SGLT2 inhibitors may help people with type 2 diabetes who already have heart disease, according to an empagliflozin study published in November 2015 in The NEJM and a canagliflozin study published in August 2017 in The NEJM. Both studies suggested the drugs may reduce the likelihood of having another heart attack, stroke, or dying from heart disease. The American Diabetes Association’s guidelines, published in January 2019 in the journal Diabetes Care, recommend SGLT2 inhibitors for people with diabetes who have been diagnosed with heart disease or who are at high risk for heart disease.
A review of 10 studies, published in January 2019 in Postgraduate Medicine, found that in people without kidney disease, taking an SGLT2 inhibitor was associated with lower levels of protein in the urine — a symptom of kidney disease — and a lower risk of developing this symptom.
But there are downfalls with SGLT2 inhibitors.
The most common side effects of SGLT2 inhibitors include genital yeast infections, flu-like symptoms and a sudden urge to urinate. SGLT2 Inhibitors May Increase Risk for Urinary Tract Infections. We know that, the incidence of urinary tract infections is about 50 perent greater in people with diabetes compared with people without diabetes. Moreover, SGLT2 inhibitors may increase the risk of genital infections.
In late August 2018, US Food and Drug Administration (FDA) issued a warning about necrotizing fasciitis of the perineum, also known as Fournier gangrene with the class of type 2 diabetes medicines called sodium-glucose cotransporter-2 (SGLT2) inhibitors. The SGLT2s affected by the warning include canagliflozin, dapagliflozin, empagliflozin, ertugliflozin, and their combinations. Fournier gangrene remains very rare, but is more common in people using sodium-glucose cotransporter (SGLT)2 inhibitors compared with other diabetes medications and has severe consequences, shows research.
Also, risk of increasing breast and bladder cancer remains a safety issue of SGLT2 (sodium glucose cotransporter type 2) inhibitors.
People have reported more than 28,100 adverse events for the four main SGLT2 drugs. Invokana has more serious adverse events than all the other drugs combined. But it was also the first drug in the class approved for sale, and it also averages more prescriptions per year.
Adverse Events Reports in FAERS
|DRUG||TIME PERIOD||TOTAL ADVERSE EVENTS||SERIOUS EVENTS||DEATHS|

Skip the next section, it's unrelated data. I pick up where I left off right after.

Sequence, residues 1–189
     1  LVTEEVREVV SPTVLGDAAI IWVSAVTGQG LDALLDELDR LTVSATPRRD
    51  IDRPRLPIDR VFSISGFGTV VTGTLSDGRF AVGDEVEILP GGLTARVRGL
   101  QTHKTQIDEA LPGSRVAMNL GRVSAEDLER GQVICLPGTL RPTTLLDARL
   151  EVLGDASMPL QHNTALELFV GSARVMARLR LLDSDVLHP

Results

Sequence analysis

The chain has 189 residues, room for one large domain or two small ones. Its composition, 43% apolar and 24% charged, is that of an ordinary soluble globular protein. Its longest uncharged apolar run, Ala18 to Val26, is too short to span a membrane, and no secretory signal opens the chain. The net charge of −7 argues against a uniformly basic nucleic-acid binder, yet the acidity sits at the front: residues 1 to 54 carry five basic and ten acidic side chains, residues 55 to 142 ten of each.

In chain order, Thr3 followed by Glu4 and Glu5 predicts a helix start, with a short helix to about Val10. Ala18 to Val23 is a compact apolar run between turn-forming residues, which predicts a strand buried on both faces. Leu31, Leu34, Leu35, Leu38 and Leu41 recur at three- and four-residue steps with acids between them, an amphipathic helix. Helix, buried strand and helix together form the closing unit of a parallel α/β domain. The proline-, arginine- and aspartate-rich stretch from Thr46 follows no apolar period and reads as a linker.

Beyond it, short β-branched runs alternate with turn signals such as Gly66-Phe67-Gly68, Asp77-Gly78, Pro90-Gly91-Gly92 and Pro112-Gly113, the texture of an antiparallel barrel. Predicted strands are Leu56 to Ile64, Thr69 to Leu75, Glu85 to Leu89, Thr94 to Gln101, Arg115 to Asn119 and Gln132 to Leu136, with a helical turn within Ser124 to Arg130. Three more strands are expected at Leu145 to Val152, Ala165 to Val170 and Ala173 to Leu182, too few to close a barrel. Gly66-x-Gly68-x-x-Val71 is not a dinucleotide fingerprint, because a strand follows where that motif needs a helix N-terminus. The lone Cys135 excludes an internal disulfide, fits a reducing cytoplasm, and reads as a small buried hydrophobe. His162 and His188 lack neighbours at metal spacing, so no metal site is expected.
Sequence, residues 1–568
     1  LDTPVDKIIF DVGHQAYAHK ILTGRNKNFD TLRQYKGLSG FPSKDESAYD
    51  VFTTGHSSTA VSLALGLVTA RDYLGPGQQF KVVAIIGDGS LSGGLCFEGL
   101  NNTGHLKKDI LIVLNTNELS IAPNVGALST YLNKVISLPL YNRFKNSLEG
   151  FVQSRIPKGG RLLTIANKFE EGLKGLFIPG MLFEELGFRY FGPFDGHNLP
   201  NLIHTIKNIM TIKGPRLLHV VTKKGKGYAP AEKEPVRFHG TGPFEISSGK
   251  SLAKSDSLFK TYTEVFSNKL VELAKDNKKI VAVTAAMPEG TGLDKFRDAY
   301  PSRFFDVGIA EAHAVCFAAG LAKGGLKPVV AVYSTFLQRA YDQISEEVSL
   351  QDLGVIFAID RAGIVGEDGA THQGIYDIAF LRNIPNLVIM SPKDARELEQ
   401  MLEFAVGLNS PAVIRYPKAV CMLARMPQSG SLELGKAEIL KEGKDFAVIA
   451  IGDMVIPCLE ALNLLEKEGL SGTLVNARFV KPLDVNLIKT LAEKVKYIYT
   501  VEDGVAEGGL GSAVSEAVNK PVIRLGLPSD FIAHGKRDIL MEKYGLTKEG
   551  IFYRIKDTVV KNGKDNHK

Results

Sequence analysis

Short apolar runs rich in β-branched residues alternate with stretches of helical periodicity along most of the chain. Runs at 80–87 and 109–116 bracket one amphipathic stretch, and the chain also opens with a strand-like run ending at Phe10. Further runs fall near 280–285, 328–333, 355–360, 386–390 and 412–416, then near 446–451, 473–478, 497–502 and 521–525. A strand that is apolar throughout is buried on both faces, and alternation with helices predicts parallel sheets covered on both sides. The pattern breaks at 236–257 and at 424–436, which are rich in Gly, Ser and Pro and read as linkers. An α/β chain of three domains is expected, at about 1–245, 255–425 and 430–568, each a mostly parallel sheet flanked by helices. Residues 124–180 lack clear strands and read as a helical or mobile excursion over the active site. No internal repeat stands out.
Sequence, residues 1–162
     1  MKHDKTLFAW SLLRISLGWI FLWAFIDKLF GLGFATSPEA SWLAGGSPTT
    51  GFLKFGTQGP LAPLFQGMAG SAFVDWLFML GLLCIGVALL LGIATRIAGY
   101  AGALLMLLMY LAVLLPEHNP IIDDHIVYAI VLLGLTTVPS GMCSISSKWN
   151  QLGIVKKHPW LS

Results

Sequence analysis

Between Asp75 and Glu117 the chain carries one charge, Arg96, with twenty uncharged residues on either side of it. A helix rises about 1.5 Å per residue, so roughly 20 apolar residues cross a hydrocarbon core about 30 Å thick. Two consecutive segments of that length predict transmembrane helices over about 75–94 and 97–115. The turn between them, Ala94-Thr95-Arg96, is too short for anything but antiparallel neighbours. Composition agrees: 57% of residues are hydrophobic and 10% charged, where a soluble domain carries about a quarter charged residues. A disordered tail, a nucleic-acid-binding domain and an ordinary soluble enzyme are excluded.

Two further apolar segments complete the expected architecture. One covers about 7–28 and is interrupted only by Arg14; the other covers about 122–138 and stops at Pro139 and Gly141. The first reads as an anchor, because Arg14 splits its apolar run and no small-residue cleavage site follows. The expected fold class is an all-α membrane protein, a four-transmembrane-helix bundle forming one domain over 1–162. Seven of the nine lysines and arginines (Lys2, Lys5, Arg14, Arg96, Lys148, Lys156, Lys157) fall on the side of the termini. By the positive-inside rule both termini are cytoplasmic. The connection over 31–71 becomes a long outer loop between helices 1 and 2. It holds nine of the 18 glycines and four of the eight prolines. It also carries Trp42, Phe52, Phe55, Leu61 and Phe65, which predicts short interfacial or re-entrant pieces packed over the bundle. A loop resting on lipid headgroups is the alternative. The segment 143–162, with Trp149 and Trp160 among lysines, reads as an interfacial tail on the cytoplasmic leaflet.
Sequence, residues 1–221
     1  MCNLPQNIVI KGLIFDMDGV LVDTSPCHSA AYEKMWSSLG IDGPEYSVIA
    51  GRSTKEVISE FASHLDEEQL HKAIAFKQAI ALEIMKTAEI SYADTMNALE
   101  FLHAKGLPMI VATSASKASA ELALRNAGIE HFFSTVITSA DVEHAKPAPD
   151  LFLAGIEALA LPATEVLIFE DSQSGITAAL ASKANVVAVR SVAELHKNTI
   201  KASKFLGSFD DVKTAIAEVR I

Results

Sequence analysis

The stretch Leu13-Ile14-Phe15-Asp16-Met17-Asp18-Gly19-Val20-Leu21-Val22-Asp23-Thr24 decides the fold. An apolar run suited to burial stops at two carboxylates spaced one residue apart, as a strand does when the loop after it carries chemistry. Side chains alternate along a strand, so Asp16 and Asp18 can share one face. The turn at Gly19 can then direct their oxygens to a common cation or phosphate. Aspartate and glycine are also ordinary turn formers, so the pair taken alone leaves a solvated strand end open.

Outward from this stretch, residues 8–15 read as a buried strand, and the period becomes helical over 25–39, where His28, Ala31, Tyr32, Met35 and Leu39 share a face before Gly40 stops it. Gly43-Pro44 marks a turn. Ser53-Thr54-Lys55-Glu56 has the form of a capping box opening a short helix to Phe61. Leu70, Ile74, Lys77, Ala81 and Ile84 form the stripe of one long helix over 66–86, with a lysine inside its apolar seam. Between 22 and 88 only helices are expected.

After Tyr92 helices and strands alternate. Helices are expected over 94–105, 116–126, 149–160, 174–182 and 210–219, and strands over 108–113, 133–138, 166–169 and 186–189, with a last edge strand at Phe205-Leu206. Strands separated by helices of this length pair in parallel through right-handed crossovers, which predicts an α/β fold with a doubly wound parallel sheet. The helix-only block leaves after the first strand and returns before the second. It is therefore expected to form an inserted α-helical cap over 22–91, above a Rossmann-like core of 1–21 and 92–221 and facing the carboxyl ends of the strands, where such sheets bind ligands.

|Invokana||2013 – September 2018||18,131||10,796||255|
|Farxiga||2014 – September 2018||3,923||1,119||62|
|Jardiance||2014 – September 2018||6,046||3,100||116|
|Steglatro||January 2018 – September 2018||59||7||0|
The drugs’ labels warn about common side effects such as yeast infections and nausea. The FDA has also released several Drug Safety Communications about more rare but serious side effects such as flesh-eating genital disease, lower limb amputations with Invokana, kidney problems, ketoacidosis and bone fracture risks. In addition, Farxiga may increase the risk of bladder cancer.
People who suffered serious side effects after taking the drugs have filed lawsuits against SGLT2 inhibitor manufacturers, alleging the companies knew of the dangers but failed to warn the public.
While clinical trials show the most common side effects are relatively minor, FAERS shows the most reported adverse events are more serious. The top three most-reported events in FAERS are diabetic ketoacidosis — a condition where a lack of insulin causes acid to build up in the blood— fungal infections and kidney injuries.
In 2015, the FDA released a Drug Safety Communication warning about the risk of ketoacidosis — also called diabetic ketoacidosis — and serious urinary tract infections (UTIs). The agency required drug companies to add warnings to SGLT2 medication labels.
In the same communication, the FDA warned about the risk of urinary tract infections that could turn into life-threatening blood infections (urosepsis) and kidney infections (pyelonephritis). The agency identified 19 cases of blood and kidney infections that began as urinary tract infections.
In August 2018, the FDA released a Drug Safety Communication warning that SGLT2s may cause a rare but serious genital infection called necrotizing fasciitis of the perineum — also known as Fournier’s gangrene. The disease can be life-threatening. Symptoms include tenderness, redness or swelling of the genitals and fever.
From 2014 to Sept. 30, 2018, the FDA received reports of 41 cases of bladder cancer and bladder neoplasms (possible cancerous growths) in people who took Farxiga (dapagliflozin). One person died.
In 2017, the FDA required Johnson & Johnson and Janssen Pharmaceuticals to add a black box warning to Invokana, Invokament and Invokamet XR for lower limb amputations. The agency based its decision on the results of two large, randomized, placebo-controlled trials that found amputations occurred twice as often in people who took canagliflozin versus a placebo, according to the FDA’s Drug Safety Communication.
The FDA urges people who suffer from leg or foot pain or tenderness, sores or ulcers, or infections to contact their doctor. From 2016 to Sept. 30, 2018, the agency received 236 reports of amputation in people who took Invokana. Two cases resulted in death.
In 2016, the FDA warned medications containing canagliflozin and dapagliflozin may harm kidneys. The agency required the drugs’ makers to strengthen warnings on the medication inserts.
From March 2013 to October 2015, the FDA identified 101 reported cases of kidney injury in users of canagliflozin and dapagliflozin. Some people needed to be treated in the hospital with dialysis. About half of these cases occurred within one month of starting either of the drugs.
More recent FAERS data shows people reported 1,614 cases of kidney injury with all SGLT2s from 2013 to Sept. 30, 2018 — including 54 deaths.